Note that a 'dumb' parser may not be sufficient, as the Security Considerations of 6874 note:
  "To limit this risk, implementations MUST NOT allow use of this format
   except for well-defined usages, such as sending to link-local
   addresses under prefix fe80::/10.  At the time of writing, this is
   the only well-defined usage known."

And also
  "An HTTP client, proxy, or other intermediary MUST remove any ZoneID
   attached to an outgoing URI, as it has only local significance at the
   sending host."

This requires a transformative rewrite of any URLs going out the
wire. That's pretty substantial. Anne, do you recall the bug talking
about IP canonicalization (e.g. vs
http://[::] vs http://012345 and friends?) This is
conceptually a similar issue - except it's explicitly required in the
context of <zone_id> that the <zone_id> not be emitted.

There's also the issue that zone_id precludes/requires the use of APIs
that user agents would otherwise prefer to avoid, in order to
'properly' handle the zone_id interpretation. For example, Chromium on
some platforms uses a built in DNS resolver, and so our address lookup
functions would need to define and support <zone_id>'s and map them to
system concepts. In doing so, you could end up with weird situations
where a URL works in Firefox but not Chrome, even though both
'hypothetically' supported <zone_id>'s, because FF may use an OS
routine and Chrome may use a built-in routine and they diverge.

Overall, our internal consensus is that <zone_id>'s are bonkers on
many grounds - the technical ambiguity (and RFC 6874 doesn't really
resolve the ambiguity as much as it fully owns it and just says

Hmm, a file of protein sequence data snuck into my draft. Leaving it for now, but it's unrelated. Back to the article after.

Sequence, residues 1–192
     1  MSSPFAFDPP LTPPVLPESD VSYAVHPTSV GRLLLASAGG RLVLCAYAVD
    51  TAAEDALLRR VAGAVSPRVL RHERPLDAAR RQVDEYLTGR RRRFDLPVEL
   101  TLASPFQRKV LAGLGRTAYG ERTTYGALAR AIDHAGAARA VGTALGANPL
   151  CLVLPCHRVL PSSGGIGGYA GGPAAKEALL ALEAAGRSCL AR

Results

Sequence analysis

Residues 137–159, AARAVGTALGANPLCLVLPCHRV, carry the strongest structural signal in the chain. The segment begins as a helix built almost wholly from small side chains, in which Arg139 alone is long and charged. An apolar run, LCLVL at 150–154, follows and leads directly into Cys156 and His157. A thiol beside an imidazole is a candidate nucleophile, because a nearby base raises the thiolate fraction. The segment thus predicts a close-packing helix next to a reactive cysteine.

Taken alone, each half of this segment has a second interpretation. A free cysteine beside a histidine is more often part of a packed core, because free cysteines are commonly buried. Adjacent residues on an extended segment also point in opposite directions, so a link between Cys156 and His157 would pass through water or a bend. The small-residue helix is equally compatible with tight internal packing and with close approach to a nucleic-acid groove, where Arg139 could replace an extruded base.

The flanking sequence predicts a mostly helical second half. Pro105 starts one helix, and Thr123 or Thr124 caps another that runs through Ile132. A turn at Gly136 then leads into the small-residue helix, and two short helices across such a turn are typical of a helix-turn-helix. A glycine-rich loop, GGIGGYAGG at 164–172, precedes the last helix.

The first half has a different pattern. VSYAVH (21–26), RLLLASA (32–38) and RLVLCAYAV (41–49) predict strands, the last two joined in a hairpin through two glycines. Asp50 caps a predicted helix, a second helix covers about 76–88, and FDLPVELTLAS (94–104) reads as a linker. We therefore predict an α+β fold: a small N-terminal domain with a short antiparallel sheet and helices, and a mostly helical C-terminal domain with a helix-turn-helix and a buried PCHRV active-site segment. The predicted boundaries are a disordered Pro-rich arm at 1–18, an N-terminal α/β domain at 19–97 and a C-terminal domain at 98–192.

#YOLOSWAG) - and supporting them would add a lot of complexity for
what is explicitly and admittedly a limited value use case.

This bug references the Mozilla Firefox bug above and RFC3986 (replaced by RFC 6874).

IPv6 link local address support in Chrome / Chromium

On the chrome side there is a huge bug report which again references a huge number of other bugs that try to request IPv6 link local support, too.

The bug was closed by stating:

There are a large number of special cases which are required on core
networking/navigation/etc. and it does not seem like it is worth the
up-front and ongoing maintenance costs given that this is a very
niche - albeit legitimate - need.

The bug at chromium has been made un-editable so it is basically frozen, besides people have added suggestions to the ticket on how to solve it.

Work Arounds

IPv6 link local connect hack

Peter has documented on the IPv6 link local connect hack to make firefox use fe90:0:[scope id]:[IP address] to reach fe80::[IP address]%[scope id]. Checkout his website for details!

IPv6 hack using ip6tables

Also from Peter is the hint that you can also use newer iptable versions to achieve a similar mapping:

"On modern Linux kernels you can also run

ip6tables -t nat -A OUTPUT -d fef0::/64 -j NETMAP --to fe80::/64

if you have exactly one outbound interface, so that fef0::1 translates to fe80::1"

Thanks again for the pointer!

The prettysocks SOCKS5 proxy (update 2021-11-24)

On 2021-11-23 we have been notified that there is a new workaround available: prettysock is a Socks5 proxy written in python that allows the use of Microsoft's domain, but from any OS or browser, which is pointed to the proxy. So to access fe80::1ff:fe23:4567:890a%3, configure your browser to use the local prettysocks Socks5 proxy, replace the link local address with and there you go.

There are two interesting things to say about this solution:

  • It is a very simple solution
  • It is surprising that browser vendors haven't implement such a simple solution themselves so far - does it need an RFC that defines the domain to be used?

Other resources

If you are aware of other resources regarding IPv6 link local support in browsers, please join the and let us know about it.